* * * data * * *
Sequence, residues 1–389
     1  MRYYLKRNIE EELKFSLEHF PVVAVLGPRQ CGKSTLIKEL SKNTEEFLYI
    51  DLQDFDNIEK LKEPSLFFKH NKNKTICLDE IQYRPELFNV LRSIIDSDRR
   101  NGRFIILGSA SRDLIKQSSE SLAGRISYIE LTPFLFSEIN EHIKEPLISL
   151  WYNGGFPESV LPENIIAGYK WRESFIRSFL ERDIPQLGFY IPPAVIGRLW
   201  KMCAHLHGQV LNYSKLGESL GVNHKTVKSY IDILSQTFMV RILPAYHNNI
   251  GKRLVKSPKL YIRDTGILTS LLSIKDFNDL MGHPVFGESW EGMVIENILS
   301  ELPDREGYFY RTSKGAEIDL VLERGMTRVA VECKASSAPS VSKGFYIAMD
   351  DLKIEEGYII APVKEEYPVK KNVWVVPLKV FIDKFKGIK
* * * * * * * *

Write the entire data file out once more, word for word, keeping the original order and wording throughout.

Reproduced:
Sequence, residues 1–389
     1  MRYYLKRNIE EELKFSLEHF PVVAVLGPRQ CGKSTLIKEL SKNTEEFLYI
    51  DLQDFDNIEK LKEPSLFFKH NKNKTICLDE IQYRPELFNV LRSIIDSDRR
   101  NGRFIILGSA SRDLIKQSSE SLAGRISYIE LTPFLFSEIN EHIKEPLISL
   151  WYNGGFPESV LPENIIAGYK WRESFIRSFL ERDIPQLGFY IPPAVIGRLW
   201  KMCAHLHGQV LNYSKLGESL GVNHKTVKSY IDILSQTFMV RILPAYHNNI
   251  GKRLVKSPKL YIRDTGILTS LLSIKDFNDL MGHPVFGESW EGMVIENILS
   301  ELPDREGYFY RTSKGAEIDL VLERGMTRVA VECKASSAPS VSKGFYIAMD
   351  DLKIEEGYII APVKEEYPVK KNVWVVPLKV FIDKFKGIK